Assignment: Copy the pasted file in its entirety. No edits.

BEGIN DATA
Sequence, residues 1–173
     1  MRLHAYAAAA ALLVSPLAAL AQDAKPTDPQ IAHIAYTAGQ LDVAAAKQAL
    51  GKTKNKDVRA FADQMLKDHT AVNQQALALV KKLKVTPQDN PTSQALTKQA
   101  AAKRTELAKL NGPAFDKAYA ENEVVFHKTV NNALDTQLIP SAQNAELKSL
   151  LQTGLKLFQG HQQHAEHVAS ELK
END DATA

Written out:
Sequence, residues 1–173
     1  MRLHAYAAAA ALLVSPLAAL AQDAKPTDPQ IAHIAYTAGQ LDVAAAKQAL
    51  GKTKNKDVRA FADQMLKDHT AVNQQALALV KKLKVTPQDN PTSQALTKQA
   101  AAKRTELAKL NGPAFDKAYA ENEVVFHKTV NNALDTQLIP SAQNAELKSL
   151  LQTGLKLFQG HQQHAEHVAS ELK